Then what becomes of our boasting? It is excluded. By what kind of law? By a law of works? No, but by the law of faith. – Rom 3:27
What are the things we boast about? For the Jewish Christians that Paul was addressing, it was their heritage as the original chosen people of God. Sure, Gentiles were now allowed into the fold, but the Jews had always been the people of God and the newcomers would do well to listen to them. How could the age-old requirements of circumcision and law observance, which had been given by God himself, not be required any longer?!
Paul acknowledges that they indeed had an advantage over the non-Jews (Rom 3:2) but being better off didn’t make them better than the Gentiles. He quotes from the Old Testament, their scriptures, to show that they were as guilty of rebellious behaviour as the Gentiles were. v10-14 are from Psalms talking about the Gentiles and v15-17 are from Isaiah talking about the Jews. Thus, both groups were equally in need of Jesus and both were justified by God’s grace and so neither could claim preferential status in the new kingdom. They were not saved by their heritage but by their faith, and so there was no room for boasting.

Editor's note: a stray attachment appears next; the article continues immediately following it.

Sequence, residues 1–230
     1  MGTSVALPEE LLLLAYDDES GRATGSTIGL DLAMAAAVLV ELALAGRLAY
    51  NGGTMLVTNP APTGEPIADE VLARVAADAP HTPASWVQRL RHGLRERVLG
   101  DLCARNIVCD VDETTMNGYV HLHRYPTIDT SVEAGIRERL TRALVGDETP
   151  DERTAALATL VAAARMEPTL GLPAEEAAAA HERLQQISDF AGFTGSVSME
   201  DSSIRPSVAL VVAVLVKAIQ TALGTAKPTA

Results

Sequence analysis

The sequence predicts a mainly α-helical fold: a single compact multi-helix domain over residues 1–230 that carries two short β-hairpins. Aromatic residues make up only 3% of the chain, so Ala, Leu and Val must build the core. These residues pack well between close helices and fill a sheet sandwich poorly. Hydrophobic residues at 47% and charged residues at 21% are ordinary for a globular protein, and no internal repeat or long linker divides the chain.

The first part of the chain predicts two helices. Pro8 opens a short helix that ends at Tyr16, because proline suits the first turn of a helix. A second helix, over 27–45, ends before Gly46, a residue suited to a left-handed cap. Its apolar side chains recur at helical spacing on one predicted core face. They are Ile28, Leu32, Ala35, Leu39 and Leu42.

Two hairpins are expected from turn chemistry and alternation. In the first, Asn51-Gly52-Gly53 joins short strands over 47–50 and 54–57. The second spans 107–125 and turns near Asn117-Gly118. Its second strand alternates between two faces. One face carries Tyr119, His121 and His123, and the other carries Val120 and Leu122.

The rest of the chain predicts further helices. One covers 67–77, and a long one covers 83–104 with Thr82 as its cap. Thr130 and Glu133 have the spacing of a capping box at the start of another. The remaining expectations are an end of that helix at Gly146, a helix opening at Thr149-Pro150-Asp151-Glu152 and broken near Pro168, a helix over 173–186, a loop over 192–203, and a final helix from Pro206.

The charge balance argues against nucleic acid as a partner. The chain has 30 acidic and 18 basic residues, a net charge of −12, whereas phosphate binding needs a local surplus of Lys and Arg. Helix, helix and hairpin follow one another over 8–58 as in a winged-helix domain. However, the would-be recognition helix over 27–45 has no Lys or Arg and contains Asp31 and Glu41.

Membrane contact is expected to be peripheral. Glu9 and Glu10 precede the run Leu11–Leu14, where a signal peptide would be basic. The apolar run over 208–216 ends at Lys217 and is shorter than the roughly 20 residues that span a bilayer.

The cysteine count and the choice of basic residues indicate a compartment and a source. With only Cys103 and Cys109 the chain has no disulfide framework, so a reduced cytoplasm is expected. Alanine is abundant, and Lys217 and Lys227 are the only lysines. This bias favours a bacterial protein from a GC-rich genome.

Sometimes, we are guilty of behaving today like those Jewish Christians did. We think the way we do things makes us better than those who do differently. Those who go to home churches think they are closer to the Acts model and so are better than those who have church buildings. Denominational churches think they have the last word on right theology and think those that differ from them are in the wrong. Those that have women in leadership boast about restoring woman’s pre-fall status of equality as seen in Genesis and so think they are better than the patriarchal churches that don’t allow this. Those that maintain traditions are proud of not conforming to the world and think they are better than those who choose to be contemporary.
This passage reminds us that while there may be genuine advantages to the way we do things, that doesn’t make us better than those that differ from us. None of us are perfect. None of us meet God’s standards. We all need his grace and are saved by faith. Rather than boasting about the things we do, we should boast about what God has done for us and in us. As Paul says in 2 Cor 10:17-18, “Let the one who boasts, boast in the Lord.” For it is not the one who commends himself who is approved, but the one whom the Lord commends.
What does our conversation reveal about our attitude to other Christians?